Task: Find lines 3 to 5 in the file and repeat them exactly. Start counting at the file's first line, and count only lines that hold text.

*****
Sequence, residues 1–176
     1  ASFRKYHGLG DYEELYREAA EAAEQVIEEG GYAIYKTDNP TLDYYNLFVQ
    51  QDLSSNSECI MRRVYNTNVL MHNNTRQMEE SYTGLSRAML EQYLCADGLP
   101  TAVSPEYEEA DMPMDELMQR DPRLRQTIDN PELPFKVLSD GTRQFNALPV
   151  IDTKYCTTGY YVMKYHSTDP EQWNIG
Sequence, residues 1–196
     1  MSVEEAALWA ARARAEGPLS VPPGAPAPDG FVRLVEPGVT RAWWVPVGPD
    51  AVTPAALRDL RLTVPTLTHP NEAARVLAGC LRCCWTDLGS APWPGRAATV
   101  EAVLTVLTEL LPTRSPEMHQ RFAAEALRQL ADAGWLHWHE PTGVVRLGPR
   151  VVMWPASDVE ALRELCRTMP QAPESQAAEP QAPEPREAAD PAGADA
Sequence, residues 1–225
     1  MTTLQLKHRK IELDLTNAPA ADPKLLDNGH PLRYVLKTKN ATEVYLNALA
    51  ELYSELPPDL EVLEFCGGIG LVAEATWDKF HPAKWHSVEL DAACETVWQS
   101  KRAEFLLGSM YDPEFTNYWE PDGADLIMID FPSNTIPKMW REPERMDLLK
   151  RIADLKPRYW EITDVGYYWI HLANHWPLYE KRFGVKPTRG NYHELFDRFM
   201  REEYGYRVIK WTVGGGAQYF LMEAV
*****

    51  QDLSSNSECI MRRVYNTNVL MHNNTRQMEE SYTGLSRAML EQYLCADGLP
   101  TAVSPEYEEA DMPMDELMQR DPRLRQTIDN PELPFKVLSD GTRQFNALPV
   151  IDTKYCTTGY YVMKYHSTDP EQWNIG